The report also examined reasons why renters are more defenseless to the pandemic economy. They’ve already spent at least 30% of their incomes on housing, consisting of some 47% of renters. They now earn less than 30% of their area’s median income than before the pandemic. The Ascent says that number at last count was 11 million. Another pitfall: many renters live in states with high unemployment rates or low unemployment benefits. They also work in industries suffering from great job losses stemming from the pandemic such as tourism and hospitality.
Tips For Renters
But renters may do well to consider taking actions to help keep their households. Matt Frankel, a certified financial planner at The Ascent, offered tips to for renters potentially facing displacement.
What are steps renters can take to avoid the prospect of being evicted?
Why should renters take these steps now? What are the main downsides if they don’t?
If you’re falling behind on rent, the worst thing you can do is ignore the problem — even if you live in a state that has put a hold on evictions. That rent will come due eventually. Some people believe that a moratorium on evictions is the same thing as a temporary break from rent, but this is simply not the case.
According to Bloomberg.com, the end of state eviction moratoriums has exposed the limits of the protections for tenants at the local, state, and federal level. Under the CARES Act passed by Congress, for example, tenants who live in a property with a federally backed mortgage can’t be evicted. This protection supersedes any expiring state-level eviction moratorium — but only if the tenant knows that the CARES Act applies to their circumstances.
“Those tenants can’t be evicted — they can’t even get a notice of eviction until the end of July,” Marra says. “But there’s nothing put into place in many of these courts to enable a judge to routinely make sure that a landlord is testifying or swearing under oath that his property isn’t covered.”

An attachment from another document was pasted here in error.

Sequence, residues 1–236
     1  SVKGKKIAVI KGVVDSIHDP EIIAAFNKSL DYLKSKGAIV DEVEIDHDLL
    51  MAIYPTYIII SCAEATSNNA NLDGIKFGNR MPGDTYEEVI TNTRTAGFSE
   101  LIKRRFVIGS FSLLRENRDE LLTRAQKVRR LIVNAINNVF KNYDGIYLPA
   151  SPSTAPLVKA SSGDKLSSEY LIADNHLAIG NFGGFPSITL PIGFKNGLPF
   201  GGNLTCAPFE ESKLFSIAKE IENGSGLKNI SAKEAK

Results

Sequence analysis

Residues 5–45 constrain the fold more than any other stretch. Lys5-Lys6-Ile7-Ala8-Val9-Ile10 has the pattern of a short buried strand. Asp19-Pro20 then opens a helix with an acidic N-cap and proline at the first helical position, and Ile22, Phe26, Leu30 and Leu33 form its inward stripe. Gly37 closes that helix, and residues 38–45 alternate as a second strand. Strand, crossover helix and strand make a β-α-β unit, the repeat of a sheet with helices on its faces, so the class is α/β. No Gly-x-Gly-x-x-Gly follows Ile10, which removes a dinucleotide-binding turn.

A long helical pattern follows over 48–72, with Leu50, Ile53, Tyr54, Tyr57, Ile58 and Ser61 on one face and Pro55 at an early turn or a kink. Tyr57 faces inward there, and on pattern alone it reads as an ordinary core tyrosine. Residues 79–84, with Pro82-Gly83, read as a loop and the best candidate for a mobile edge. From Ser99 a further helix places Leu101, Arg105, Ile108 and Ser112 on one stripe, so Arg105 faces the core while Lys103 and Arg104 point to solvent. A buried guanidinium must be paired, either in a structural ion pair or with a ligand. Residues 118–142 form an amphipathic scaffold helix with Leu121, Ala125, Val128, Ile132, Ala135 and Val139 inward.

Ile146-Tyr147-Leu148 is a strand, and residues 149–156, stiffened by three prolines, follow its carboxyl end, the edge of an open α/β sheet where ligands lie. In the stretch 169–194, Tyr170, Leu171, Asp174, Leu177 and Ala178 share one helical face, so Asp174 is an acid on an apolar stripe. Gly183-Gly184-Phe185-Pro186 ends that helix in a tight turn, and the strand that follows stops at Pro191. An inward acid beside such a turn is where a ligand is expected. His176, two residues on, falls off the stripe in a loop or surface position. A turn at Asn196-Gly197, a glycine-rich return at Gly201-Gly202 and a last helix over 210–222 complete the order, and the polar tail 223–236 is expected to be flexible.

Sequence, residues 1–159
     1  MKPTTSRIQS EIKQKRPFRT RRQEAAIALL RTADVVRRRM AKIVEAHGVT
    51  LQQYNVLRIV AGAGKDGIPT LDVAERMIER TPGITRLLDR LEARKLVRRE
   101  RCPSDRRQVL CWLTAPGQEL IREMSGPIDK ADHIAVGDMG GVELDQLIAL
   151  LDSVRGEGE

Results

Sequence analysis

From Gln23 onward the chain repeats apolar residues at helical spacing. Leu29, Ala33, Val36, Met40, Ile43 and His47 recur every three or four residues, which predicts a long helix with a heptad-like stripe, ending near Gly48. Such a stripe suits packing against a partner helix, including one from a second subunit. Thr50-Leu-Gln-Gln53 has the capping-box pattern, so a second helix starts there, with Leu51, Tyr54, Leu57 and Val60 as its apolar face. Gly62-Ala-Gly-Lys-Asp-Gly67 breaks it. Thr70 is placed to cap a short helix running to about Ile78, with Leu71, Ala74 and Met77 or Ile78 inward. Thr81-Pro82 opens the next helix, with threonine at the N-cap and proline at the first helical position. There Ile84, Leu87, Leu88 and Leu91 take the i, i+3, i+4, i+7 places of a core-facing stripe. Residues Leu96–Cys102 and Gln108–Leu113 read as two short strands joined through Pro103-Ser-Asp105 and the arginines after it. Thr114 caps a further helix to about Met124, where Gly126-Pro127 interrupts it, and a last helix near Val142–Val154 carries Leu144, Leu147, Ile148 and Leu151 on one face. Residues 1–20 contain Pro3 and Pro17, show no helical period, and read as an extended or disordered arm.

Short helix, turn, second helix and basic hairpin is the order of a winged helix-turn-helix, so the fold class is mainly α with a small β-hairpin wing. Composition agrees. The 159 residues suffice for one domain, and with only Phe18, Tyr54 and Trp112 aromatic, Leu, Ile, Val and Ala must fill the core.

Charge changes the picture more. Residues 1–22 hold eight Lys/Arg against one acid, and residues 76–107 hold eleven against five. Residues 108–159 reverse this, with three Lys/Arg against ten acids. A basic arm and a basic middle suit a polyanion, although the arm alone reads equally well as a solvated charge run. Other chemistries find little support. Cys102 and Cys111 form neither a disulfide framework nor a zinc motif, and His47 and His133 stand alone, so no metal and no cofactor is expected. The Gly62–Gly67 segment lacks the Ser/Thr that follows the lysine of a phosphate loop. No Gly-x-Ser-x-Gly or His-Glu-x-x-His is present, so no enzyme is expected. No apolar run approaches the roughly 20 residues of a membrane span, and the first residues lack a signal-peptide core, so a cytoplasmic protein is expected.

“We’ve been telling people: You need to pay the rent when you can,” says Mark Grandich, litigation director at Lone Star Legal Aid. “There’s going to be a day of reckoning.”
The looming deluge of evictions involves complicated interactions with the justice system. For example, in Texas, landlords filed some 1,400 cases over the months during which the moratorium was in effect (many of which should not have been filed at all, under the CARES Act). During the interim, Texas only allowed evictions to proceed that involved illegal conduct — a valid concern for landlords, but also a concession to law enforcement, since jails were releasing prisoners and police were reluctant to make arrests.
Are there other options tenants facing financial hardship can take that you’d like to discuss? Would it make sense to open up a credit card or personal loan to pay rent?
If you have strong credit, a personal loan can be a useful tool for giving yourself financial flexibility during tough times, assuming you can afford the monthly payments. Some of the best personal lenders will make loans for as little as $2,000, so you don’t necessarily need to borrow a large amount of money to pursue this option. On the other hand, I generally discourage using credit cards to pay rent — not only do many landlords not take them, but interest rates tend to be far higher than with personal loans.
Blackenterprise and Bloomberg.com contributed to this report